Delivery of Stena Lines’ new E-Flexer ropaxes have marked the 100th reference for Survitec’s Marin Ark 2 marine evacuation system (MES).
First of class ’Stena Estrid’, delivered last January, is currently serving the Holyhead/Dublin, route, while newly delivered ‘Stena Edda’ is operating on Stena Lines’ Belfast/Birkenhead service.
Each vessel is equipped with a pair of high-capacity Survitec MES, over-capacity liferafts and Crewsaver Premier Compact lifejackets. The latter provides a minimum of 150 Newtons to meet market demand for increased buoyancy and performance.
Similar equipment has been specified for the final Stena vessel in the series, ‘Stena Embla’, scheduled for delivery from China’s AVIC Weihai Shipyard at the end of this year.
Paul Clarke, Operation Director MES, Survitec, said: “We are delighted that ‘Stena Estrid’ marked the 100th Marin Ark 2 sale for Survitec. Marin Ark 2 has a successful track record with Stena Line, with Survitec having supplied the system to a number of vessels in the operator’s fleet.
“That Stena has again selected a Survitec MES for this innovative, environmentally sustainable class of ship is testament to the high reliability and performance of the system.
The E-flexer design is acknowledged as setting a standard in environmentally sustainable ferry operations. It now sets the benchmark for passenger and crew safety and comfort,” he said.
Richard McCormick, Survitec’s Technical Sales Director, Cruise & Ferry Passenger AES & MES systems, said: “System reliability, compatibility, performance and comfort were key factors in Stena Line’s decision to select Survitec MES and Crewsaver lifejackets. The contract to supply safety equipment to these new vessels reinforces the strong relationship we have enjoyed with Stena Line over the past 10 years.”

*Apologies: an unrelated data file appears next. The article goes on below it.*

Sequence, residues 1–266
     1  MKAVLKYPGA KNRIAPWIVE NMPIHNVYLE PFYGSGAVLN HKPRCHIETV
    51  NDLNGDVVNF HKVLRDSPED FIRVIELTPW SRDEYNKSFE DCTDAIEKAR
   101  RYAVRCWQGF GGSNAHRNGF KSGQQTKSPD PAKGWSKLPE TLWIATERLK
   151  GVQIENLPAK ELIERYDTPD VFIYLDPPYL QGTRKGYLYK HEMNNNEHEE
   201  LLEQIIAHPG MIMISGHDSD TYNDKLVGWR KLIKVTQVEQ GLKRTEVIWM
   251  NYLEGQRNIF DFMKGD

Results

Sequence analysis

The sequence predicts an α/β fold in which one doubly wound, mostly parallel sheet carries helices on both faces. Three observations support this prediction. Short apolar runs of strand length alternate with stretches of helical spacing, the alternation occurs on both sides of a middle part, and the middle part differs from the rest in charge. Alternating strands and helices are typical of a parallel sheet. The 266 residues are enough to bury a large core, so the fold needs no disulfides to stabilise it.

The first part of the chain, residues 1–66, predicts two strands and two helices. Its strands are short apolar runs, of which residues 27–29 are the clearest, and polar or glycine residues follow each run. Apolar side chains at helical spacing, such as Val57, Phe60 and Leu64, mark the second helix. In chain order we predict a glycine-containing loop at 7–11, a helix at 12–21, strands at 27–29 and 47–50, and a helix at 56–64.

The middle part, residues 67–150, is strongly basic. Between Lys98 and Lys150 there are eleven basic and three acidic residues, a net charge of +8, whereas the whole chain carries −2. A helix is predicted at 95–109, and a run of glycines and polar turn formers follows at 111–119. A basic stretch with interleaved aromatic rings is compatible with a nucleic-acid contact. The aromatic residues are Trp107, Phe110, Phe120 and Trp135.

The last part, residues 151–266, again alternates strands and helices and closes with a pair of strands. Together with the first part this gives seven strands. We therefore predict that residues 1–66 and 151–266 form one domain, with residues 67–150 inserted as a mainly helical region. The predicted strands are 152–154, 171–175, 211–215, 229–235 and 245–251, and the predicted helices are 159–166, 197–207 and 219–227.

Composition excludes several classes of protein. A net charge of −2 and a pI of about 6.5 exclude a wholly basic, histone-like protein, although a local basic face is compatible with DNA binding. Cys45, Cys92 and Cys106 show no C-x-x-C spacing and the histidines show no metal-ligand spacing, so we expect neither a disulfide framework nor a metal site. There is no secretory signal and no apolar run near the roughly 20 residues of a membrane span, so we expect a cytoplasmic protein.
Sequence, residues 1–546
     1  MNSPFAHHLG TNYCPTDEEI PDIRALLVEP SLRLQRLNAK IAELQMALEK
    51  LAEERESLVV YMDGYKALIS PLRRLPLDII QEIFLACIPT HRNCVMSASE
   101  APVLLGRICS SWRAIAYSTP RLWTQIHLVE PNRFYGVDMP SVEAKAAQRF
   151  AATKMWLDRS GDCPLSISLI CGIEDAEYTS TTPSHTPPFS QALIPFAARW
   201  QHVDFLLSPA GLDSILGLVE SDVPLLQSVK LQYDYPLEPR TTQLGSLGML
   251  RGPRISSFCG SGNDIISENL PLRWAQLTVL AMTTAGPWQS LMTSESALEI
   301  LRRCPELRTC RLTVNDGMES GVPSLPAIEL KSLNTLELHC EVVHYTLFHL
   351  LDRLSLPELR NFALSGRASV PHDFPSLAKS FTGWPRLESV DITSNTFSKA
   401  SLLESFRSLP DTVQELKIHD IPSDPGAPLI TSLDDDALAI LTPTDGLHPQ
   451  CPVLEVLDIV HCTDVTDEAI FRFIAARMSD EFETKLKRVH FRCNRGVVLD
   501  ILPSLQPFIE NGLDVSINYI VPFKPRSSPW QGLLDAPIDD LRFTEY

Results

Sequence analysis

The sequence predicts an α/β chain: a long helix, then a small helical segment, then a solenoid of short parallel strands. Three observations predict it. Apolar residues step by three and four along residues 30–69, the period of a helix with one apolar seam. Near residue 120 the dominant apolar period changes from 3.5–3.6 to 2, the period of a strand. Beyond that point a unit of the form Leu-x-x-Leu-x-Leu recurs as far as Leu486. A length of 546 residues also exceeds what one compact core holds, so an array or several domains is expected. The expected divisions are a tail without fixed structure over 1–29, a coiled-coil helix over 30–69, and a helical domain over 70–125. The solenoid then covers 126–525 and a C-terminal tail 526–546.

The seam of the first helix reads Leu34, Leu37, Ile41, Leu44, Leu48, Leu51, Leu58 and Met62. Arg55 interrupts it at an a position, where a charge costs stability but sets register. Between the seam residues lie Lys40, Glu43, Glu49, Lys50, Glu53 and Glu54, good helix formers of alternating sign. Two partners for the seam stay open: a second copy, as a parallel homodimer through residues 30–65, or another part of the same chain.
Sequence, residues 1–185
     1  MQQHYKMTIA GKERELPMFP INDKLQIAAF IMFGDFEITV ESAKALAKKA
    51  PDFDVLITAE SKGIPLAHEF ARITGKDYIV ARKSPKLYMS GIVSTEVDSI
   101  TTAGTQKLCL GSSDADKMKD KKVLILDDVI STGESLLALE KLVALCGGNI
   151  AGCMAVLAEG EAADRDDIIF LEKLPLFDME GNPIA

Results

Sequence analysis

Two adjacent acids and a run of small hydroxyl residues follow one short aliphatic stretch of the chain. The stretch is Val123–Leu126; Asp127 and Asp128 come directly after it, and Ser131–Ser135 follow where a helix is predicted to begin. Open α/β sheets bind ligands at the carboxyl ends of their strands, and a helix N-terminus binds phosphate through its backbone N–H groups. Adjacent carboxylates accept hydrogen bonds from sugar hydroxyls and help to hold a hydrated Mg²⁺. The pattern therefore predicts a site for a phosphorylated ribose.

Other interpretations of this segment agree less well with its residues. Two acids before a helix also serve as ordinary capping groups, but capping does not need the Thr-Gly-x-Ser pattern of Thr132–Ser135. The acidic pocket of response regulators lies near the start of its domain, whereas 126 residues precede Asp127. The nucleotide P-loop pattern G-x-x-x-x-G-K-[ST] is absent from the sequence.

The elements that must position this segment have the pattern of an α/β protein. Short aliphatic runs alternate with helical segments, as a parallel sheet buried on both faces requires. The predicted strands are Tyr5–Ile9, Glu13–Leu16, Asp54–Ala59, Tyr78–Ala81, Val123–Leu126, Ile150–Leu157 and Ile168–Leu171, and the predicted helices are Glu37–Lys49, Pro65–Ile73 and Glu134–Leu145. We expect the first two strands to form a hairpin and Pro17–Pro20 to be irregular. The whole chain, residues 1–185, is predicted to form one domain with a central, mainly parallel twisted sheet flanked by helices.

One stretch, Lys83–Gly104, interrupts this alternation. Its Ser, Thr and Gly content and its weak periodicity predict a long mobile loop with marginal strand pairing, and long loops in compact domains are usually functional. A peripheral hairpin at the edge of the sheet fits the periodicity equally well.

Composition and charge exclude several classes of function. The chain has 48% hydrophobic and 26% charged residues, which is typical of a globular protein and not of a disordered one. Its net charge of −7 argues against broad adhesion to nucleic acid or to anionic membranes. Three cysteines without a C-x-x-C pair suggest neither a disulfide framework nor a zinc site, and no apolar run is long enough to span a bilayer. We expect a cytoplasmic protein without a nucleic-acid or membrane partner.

Clarke added: “With the safety of its passengers and crew being the foremost priority, Stena Line places great emphasis on the quality and reliability of those manufacturers selected to supply equipment, and its ability to meet the operational needs of the vessel.
“Stena Line’s commitment to safety is indicative in the company’s focus on crew training, the critical safety equipment they source for their vessels and the stringent tests it carries out on all equipment on board,” he said.
He added that with a wide variety of lifejacket designs on the market, ship operators have to ensure that their passengers and crews are supplied with lifejackets that are compatible with the MES.
“There have been compatibility issues where the size and type of some lifejackets are unsuitable for use with chute-based MES. If a lifejacket is incompatible, it can actually hamper safe descent, resulting, at the very least, in increased stress and panic for passengers,”Clarke warned.
At 215 m in length, ‘Stena Estrid’ and her sisters are larger than the current standard ro-pax vessels, with capacity for 120 cars, 1,000 pax and 3,100 lane metres for cars and trucks.